(anucha sirivisansuwan/Moment/Getty Images) HEALTH Modern Crops Save The Lives of 3 to 6 Million Babies a Year in Developing Countries DAVID NIELD 22 DECEMBER 2020
At the end of 2020, we'll take all the good news we can get, and a new study on modern crop development definitely falls into that category: It estimates that more than 100 million infant lives have been saved since modern crop varieties were introduced in the 1950s and 1960s.
While the spread of this so-called Green Revolution has not been consistent over time, it works out as an average 3-6 million young lives being saved each year, through crops that are more plentiful, more resistant to disease and pests, and of a better quality.
But the researchers also emphasize that there's much more that can be done – areas such as sub-Saharan Africa could benefit from greater adoption of modern crops, for example, following the sort of gains in food production that have been seen in Southeast Asian countries like India.
"If the green revolution had spread to sub-Saharan Africa like it did to South Asia, our estimates imply that infant mortality rates would improve by 31 percent," says economist Gordon McCord, from the University of California San Diego.
The numbers crunched by McCord and his colleagues cover 1961 (when modern crop varieties were introduced into the developing world) to 2000. The team looked at mortality rates of more than 600,000 children across 37 developing countries, combining public health surveys of women with geospatial crop data.
Over those years, researchers noticed an average reduction in infant mortality rates from 2.4 to 5.3 percent, as well as larger drops in mortality among male babies and in poorer households.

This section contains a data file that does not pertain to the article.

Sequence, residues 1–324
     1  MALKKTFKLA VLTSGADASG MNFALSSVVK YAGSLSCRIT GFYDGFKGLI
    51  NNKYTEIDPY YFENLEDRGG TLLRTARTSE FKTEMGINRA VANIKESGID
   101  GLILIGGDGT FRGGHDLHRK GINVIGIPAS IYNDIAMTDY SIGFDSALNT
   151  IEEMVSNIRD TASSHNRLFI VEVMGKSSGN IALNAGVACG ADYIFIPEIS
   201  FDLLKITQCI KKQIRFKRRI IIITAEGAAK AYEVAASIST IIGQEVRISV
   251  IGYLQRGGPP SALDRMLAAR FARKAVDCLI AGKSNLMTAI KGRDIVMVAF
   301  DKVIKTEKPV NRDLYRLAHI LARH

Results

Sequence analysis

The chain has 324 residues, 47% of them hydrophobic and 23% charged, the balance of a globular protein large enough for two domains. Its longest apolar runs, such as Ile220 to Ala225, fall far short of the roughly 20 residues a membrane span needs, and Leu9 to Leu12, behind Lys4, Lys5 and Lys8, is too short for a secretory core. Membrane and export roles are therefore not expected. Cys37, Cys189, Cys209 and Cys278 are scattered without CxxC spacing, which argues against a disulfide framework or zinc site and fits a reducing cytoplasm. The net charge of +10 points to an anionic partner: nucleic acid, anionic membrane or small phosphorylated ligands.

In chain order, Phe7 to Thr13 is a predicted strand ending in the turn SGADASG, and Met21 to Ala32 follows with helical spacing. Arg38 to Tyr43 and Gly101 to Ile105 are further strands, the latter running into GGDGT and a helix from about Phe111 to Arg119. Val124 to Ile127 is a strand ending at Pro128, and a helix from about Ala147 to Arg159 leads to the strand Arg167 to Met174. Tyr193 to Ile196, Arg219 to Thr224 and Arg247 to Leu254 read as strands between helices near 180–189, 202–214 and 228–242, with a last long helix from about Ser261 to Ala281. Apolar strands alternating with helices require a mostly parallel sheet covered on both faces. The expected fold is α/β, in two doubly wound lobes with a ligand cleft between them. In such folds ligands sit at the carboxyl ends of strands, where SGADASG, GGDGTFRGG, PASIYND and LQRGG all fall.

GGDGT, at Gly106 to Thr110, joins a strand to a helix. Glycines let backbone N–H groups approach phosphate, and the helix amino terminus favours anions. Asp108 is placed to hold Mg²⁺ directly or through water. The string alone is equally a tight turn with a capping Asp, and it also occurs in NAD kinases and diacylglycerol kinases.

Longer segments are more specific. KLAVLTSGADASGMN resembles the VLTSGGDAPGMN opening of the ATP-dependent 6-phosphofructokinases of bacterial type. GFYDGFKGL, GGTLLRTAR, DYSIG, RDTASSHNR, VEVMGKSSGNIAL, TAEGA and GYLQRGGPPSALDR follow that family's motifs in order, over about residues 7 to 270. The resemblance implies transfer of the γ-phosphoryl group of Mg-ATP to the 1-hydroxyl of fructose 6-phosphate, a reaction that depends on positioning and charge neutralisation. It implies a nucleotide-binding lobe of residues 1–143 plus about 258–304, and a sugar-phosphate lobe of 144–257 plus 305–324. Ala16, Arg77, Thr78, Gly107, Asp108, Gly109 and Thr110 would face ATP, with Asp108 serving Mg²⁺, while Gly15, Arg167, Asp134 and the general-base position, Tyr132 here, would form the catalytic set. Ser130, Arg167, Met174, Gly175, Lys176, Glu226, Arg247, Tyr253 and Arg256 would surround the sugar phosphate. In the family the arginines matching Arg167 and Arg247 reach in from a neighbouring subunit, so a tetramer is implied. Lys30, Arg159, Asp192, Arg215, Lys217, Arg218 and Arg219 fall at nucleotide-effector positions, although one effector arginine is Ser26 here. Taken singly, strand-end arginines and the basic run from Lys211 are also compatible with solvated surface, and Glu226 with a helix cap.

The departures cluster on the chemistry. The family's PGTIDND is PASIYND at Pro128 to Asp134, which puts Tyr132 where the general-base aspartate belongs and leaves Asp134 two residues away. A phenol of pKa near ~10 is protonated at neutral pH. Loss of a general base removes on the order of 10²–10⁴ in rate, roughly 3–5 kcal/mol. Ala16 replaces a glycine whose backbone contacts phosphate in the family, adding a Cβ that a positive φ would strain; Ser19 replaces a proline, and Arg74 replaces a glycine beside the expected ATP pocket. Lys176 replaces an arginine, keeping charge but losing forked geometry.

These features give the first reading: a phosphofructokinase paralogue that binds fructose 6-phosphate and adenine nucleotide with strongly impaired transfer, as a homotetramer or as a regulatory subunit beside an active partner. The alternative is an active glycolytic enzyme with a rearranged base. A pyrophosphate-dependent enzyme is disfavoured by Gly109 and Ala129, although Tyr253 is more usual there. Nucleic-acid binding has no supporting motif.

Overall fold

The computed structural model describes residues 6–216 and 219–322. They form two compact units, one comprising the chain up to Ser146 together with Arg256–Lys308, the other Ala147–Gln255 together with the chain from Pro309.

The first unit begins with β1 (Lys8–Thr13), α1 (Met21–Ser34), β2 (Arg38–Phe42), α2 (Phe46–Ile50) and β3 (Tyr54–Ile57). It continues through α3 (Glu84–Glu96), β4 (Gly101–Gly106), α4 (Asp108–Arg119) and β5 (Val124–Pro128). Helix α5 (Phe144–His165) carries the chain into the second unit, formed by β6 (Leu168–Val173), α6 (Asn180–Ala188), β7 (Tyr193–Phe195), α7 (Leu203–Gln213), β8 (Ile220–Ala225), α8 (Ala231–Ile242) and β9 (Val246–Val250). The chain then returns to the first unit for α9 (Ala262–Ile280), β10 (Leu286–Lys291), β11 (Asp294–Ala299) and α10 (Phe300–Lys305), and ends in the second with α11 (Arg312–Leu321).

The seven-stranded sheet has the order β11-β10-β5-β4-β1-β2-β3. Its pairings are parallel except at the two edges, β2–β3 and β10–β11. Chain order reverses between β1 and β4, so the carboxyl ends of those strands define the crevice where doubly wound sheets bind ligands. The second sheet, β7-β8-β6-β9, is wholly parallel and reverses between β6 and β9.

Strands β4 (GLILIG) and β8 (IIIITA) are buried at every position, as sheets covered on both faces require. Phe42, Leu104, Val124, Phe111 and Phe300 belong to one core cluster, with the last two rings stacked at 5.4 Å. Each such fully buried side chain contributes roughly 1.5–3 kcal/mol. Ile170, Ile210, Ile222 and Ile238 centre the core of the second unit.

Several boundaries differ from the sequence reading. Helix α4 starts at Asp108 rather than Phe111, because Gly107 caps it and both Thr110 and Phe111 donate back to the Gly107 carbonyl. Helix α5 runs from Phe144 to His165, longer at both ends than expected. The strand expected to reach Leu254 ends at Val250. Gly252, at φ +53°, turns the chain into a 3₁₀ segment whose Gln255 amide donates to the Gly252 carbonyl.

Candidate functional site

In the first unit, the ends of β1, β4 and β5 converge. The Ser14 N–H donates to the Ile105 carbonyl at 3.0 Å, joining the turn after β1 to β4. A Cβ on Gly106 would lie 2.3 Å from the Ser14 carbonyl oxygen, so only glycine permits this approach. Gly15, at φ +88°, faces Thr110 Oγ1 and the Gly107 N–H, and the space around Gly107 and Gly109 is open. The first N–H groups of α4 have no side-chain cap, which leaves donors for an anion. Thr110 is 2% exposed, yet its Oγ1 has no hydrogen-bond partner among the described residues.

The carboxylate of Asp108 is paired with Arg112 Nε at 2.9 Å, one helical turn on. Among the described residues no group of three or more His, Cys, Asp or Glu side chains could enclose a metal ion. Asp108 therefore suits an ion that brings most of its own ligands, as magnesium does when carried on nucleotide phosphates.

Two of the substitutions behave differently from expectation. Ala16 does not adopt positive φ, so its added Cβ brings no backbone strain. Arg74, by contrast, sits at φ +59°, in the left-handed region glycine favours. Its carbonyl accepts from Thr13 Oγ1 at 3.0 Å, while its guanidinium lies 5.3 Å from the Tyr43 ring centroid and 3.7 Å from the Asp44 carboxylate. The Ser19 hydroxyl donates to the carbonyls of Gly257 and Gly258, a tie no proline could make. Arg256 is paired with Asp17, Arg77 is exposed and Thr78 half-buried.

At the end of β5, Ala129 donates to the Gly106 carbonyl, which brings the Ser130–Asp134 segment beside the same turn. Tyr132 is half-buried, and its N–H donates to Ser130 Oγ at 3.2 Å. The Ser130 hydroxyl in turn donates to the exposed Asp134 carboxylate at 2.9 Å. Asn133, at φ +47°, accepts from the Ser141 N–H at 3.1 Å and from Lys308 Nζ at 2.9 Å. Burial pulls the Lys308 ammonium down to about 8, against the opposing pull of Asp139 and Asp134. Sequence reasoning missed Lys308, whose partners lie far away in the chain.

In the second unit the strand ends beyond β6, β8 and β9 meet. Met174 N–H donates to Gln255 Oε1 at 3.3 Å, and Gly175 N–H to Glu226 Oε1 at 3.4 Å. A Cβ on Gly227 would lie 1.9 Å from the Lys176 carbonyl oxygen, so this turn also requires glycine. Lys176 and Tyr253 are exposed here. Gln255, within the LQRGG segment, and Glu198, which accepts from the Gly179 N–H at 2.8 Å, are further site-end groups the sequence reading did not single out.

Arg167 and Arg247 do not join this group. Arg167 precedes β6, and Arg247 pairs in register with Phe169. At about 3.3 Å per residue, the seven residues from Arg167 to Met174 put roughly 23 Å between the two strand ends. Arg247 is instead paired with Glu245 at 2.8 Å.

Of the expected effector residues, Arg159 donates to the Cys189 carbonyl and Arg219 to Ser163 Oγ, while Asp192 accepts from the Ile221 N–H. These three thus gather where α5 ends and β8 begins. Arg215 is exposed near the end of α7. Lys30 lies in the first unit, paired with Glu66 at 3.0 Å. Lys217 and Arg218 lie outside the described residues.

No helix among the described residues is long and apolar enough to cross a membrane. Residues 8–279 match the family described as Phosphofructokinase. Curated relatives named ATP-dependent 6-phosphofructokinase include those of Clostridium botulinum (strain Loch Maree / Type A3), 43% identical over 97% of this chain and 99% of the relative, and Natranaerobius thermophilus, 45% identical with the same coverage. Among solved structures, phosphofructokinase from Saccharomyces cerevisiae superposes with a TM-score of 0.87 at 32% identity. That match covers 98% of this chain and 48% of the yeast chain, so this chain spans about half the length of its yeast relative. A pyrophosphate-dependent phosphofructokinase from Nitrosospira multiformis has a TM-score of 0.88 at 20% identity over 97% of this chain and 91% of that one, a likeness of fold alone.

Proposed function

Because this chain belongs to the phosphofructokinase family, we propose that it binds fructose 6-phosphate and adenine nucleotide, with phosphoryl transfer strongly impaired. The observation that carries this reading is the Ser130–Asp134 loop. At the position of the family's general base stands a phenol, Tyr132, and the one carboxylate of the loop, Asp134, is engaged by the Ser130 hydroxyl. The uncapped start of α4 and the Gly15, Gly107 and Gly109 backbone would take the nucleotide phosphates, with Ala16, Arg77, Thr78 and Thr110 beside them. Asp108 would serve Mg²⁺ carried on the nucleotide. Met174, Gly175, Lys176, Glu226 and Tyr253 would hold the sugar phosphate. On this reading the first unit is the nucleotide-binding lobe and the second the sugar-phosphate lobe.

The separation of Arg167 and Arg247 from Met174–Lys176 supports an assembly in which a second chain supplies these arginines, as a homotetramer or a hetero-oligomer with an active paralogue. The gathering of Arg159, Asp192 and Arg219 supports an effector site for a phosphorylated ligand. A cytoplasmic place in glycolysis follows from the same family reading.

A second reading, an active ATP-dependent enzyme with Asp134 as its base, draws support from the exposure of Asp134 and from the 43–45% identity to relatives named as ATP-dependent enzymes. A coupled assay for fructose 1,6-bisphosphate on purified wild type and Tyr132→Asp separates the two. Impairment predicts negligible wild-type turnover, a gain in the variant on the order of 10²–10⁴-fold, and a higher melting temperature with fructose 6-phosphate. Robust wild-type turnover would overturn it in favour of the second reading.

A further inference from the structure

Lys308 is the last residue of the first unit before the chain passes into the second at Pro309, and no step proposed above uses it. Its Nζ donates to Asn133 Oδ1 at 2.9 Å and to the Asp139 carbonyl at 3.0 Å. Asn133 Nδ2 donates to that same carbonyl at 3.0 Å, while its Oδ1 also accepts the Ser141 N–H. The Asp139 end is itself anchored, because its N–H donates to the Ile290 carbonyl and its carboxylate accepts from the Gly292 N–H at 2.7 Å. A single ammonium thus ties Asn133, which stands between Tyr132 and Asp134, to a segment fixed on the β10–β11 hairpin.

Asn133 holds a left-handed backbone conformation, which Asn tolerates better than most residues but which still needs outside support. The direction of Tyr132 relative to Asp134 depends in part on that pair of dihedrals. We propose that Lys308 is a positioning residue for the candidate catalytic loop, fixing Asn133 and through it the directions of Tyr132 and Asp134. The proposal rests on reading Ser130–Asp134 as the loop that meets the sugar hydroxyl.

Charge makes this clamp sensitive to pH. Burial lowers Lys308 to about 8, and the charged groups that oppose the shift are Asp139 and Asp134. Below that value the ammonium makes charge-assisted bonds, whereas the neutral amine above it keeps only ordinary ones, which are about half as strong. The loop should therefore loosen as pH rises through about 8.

In fact, a substantial part of the reduction in premature infant deaths in the developing world can be put down to moves towards higher yielding cereal crops, the researchers say – which is an important consideration for parts of the world that are still lagging behind and where big improvements could be made.
"The health benefits of broad-based increases in agricultural productivity should not be overlooked," says McCord. "From the policy perspective, government support for inputs leading to a green revolution as well as investments in extension and R&D programs are important."
Wheat, maize, and rice are the key staple crops analysed in the course of the study, and as well as the benefits of using improved varieties of these crops, the findings also speak to the huge gains to be had from international cooperation – in this case the spread of these crops from the United States.
The next step is using this data to bring infant mortality rates down even further in developing nations. An increase in modern crop adoption from 0 to 50 percent in a global level could see a related drop of 33-38 deaths per 1,000 children, the researchers say.
There are some caveats to the research – which didn't factor in the increased use of fertilisers, irrigation, or pest control methods alongside the spread of modern crop varieties, for example. This is something future studies could analyse.
"Our findings therefore cannot be read to indicate that MVs [modern crop varieties] should be promoted at the expense of other agricultural technologies," write the researchers in their published paper.
"Rather, they speak to the importance of supporting productivity in agriculture as a means of improving lives in developing countries, including the lives of the poor in rural areas."
The research has been published in the Journal of Health Economics.